Tech – for Everyone

Tech Tips and Tricks & Advice – written in plain English.

Christmas, two years ago..*

I hope you will enjoy this T4E “flashback” (and forgive the sloppy writing..)

Today marks the beginning of the long holiday weekend and many of you will be traveling to be with your loved ones, and I hope your travels will be safe ones. Go forth and spread joy and ease pain, and enjoy the blessings of life during this special time of year. We here at Tech–for Everyone Headquarters (that is to say, me, myself, and I) wish you the very best of Holidays.

And now, how’s about I answer a few reader-submitted questions?
Q: How do I copy a picture from a webpage? I want to paste it into my document, but Ctrl+C doesn’t work.
A: This method will not work because of the way webpages are actually displayed (the way HTML works). Images (and certain other elements) are stored separately on the webserver and must be downloaded to your browser. And there’s code in the webpage that ‘points’ to that image, and ‘place-holder’ code to tell your browser where the image is supposed to go. When you open a webpage that contains images, your browser follows these pointers and downloads the image from the server for display. If you’ve ever had had a slow Internet connection, you have witnessed this process: first the text appears, and then the banner image, and then the first image, and so on, as each element downloads.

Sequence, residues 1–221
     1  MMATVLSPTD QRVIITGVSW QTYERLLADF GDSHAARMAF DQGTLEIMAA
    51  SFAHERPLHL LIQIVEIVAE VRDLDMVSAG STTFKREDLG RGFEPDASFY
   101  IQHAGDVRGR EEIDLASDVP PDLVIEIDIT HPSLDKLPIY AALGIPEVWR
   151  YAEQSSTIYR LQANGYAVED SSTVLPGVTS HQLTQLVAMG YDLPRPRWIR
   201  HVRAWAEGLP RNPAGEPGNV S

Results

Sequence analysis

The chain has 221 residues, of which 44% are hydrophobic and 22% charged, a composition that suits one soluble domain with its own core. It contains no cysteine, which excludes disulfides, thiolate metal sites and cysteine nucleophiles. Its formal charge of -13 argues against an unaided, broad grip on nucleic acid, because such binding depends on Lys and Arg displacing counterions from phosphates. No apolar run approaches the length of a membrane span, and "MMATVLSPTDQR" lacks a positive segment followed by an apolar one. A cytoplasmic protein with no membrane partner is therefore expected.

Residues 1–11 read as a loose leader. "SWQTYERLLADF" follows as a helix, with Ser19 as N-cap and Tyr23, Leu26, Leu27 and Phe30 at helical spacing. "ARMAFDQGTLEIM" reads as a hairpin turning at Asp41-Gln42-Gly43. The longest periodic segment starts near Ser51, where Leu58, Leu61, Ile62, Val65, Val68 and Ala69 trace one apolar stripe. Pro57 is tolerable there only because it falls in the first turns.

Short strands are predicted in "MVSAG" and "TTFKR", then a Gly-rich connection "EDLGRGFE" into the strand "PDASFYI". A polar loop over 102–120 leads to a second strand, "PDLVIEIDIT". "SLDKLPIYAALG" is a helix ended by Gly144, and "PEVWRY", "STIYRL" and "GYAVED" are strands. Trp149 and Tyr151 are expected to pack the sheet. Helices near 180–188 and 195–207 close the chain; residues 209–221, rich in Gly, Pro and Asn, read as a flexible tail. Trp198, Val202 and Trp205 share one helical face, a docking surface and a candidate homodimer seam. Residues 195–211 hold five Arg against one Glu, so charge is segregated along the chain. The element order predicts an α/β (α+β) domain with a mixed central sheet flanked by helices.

cm.jpgWhen you find an image on the Internet that you would like a copy of, you must tell your computer to download a copy to your machine, and not your browser. To do so, right-click on the image to open the context menu.
Now click on “Save Picture As”. This will open a Save As dialogue, and you will choose where to save it, give it a name, and so on, just as you would do any other Save.
Once the image file is downloaded to your computer, you can do with it what you will… such as Insert it into your document.

I would like to remind you, Dear Reader, that creative property, like photography, is the property of the creator; and that publishing their work without their permission is a violation of the law– it doesn’t matter if you’re making money from their property or not. So please exercise restraint and follow the law when grabbing images off of the Web.

Generally speaking, using an image for purely personal use, such as using it as a screensaver, is okay. But when presenting the image for others to see, you must search out a “royalty free” or “public domain” image, such as this, season appropriate image.wonlife.jpg

Q: My Internet is slow. How can I speed it up?
A: There are many “tweaks” that people say improve the speed of your Internet connection. And there are programs, called “speedboosters” that claim to increase your Internet speed by up to 600%.
You may have noticed — from my choice of language — that I am not overly enthusiastic about these, and that’s correct. I’m not.